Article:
For now, here is a quick overview of the most common grades of leather so nobody can fool you anymore.

Disclaimer: You might notice that Suede is missing from this list, but that is because it deserves its own section later.


Full Grain Leather is the best quality leather sitting at the top of the chain. It refers to the outside part of the animal’s hide just below the hair. The term “Full” means that it has not been buffed or sanded, which is a process that is used to remove imperfections or marks. The tight porous nature of the leather prevents moisture retention but it also means that it is thicker.

Thickness aside, only few parts of an animal hide are suitable for full grain leather which makes it more expensive and harder for leatherworkers to process. Nonetheless, full grain leather is a strong material that will develop a wonderful patina as it ages and last for years with proper care.


Essentially, Top Grain Leather is like full grain but with a twist. It undergoes light sanding to shave off a few millimeters from the top, removing any imperfections.

This means that while it retains the general characteristics of full grain, it is thinner, less durable and more uniform. You could say that it is a more downgrade version that lacks the “Character” of the former. It does have a smooth finish and can take a stain better but is worse for breathability and patina.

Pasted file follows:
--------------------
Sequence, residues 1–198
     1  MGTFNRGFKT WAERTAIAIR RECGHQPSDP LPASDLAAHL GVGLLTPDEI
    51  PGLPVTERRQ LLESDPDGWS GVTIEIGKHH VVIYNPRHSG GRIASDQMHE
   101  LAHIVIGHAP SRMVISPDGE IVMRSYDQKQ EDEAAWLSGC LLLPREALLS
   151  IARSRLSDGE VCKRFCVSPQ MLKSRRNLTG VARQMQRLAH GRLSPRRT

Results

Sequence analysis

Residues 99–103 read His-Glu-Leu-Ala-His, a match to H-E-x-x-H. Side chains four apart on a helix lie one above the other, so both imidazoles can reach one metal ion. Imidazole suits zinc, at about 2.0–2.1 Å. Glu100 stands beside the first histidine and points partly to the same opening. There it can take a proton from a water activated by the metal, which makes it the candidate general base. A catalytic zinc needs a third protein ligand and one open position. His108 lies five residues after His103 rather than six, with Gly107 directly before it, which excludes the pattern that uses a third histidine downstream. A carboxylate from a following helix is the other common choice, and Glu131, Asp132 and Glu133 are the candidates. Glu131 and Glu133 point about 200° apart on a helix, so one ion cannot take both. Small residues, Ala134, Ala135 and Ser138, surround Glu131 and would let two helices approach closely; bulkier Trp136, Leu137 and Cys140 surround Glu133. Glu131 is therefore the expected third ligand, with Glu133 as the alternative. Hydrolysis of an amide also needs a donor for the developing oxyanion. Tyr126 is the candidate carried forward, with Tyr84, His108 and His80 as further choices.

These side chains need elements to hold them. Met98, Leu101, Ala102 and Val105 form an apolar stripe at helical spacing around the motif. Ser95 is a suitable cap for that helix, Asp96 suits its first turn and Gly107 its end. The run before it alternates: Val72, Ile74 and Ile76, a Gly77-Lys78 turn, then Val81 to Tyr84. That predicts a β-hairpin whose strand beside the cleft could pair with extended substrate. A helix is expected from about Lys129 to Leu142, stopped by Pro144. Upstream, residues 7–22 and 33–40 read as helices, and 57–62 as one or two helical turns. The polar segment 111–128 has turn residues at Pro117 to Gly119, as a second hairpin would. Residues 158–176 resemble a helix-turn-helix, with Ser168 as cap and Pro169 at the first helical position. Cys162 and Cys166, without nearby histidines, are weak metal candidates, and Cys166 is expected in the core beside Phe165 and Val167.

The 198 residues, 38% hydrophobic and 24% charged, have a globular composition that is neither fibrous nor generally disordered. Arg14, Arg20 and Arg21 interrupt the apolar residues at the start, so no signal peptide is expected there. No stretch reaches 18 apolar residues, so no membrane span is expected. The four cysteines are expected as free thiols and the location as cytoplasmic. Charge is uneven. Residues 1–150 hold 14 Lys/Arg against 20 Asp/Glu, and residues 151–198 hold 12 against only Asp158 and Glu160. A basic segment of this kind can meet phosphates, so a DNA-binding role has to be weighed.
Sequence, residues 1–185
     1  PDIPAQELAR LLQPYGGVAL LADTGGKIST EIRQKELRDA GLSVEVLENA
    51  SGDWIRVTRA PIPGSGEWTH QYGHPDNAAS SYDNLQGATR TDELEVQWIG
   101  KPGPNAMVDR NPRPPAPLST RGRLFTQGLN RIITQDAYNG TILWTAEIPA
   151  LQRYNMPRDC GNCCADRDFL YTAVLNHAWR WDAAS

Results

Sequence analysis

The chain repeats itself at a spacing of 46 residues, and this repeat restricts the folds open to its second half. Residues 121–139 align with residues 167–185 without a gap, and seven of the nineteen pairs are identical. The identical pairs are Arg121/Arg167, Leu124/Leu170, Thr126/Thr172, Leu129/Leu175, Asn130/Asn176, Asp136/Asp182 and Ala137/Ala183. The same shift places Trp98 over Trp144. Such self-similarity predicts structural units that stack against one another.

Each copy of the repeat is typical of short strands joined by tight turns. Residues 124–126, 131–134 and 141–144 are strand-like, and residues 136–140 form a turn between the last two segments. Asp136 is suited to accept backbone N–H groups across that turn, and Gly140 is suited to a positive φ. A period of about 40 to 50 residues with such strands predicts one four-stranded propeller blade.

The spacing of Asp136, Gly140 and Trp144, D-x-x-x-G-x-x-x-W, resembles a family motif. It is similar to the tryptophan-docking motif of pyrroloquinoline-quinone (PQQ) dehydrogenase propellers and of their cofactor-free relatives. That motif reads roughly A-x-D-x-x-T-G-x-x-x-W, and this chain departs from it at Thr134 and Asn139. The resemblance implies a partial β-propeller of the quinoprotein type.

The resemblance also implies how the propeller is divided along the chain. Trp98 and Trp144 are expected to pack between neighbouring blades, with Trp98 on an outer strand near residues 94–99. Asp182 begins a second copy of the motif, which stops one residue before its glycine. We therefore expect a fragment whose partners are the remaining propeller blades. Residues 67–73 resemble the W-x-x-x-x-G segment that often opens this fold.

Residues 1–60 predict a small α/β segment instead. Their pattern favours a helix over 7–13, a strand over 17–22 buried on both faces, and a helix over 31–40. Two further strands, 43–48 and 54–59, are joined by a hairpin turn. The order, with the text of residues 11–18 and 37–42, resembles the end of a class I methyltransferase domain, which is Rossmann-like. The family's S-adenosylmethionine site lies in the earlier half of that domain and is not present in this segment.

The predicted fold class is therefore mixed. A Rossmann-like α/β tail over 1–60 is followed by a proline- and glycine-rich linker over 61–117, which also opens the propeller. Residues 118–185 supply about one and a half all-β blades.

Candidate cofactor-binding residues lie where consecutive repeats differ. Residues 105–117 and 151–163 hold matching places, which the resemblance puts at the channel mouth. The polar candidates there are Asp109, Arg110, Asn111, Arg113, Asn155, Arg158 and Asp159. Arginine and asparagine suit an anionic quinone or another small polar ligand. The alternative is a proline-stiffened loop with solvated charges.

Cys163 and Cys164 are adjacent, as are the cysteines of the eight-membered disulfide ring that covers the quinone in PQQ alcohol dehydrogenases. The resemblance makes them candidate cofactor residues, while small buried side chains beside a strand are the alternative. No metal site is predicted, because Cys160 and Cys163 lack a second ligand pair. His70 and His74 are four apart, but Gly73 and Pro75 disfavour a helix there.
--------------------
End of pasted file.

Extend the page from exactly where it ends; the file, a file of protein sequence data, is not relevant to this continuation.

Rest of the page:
The main problem with Top Grain is durability. Since it is thinner, it is not the optimal material for bags and shoes. These are items that you want to last right?


These days, everybody brands leather as “Genuine” and tries to pass it as high quality leather. In fact, it is the left-overs after using the top layers for better types of leather. The definition is quite unclear and it serves as a buzzword for uninformed consumers. Any type of hide from different animals can produce a leather item and be advertised as “Genuine“. This makes it increasingly confusing since Full Grain Leather is also Genuine. But then again, they wouldn’t need to advertise that.

To add to the insult, it goes through sanding and layers of artificial grain. This gives it a false natural look through spraying with stain and dyes. It is cheap to make and is your run of the mill, typical shoe in your local affordable shop.



If corrected grain is scraping the bottom of the barrel, bonded leather is the ungodly residue that remains UNDER that. It is not even leather, it is a byproduct. Just leftovers and scraps. Shred them, put them on a fiber sheet and spray tons of adhesives and polyurethane and voila. You have an unstable concoction of horrendous quality that will last as much as a cheddar slice in the sun. Oh, it also smells like the food they gave us in the army.

A mixture of leather and (mostly) plastic, bonded leather is unholy grail of the leather world.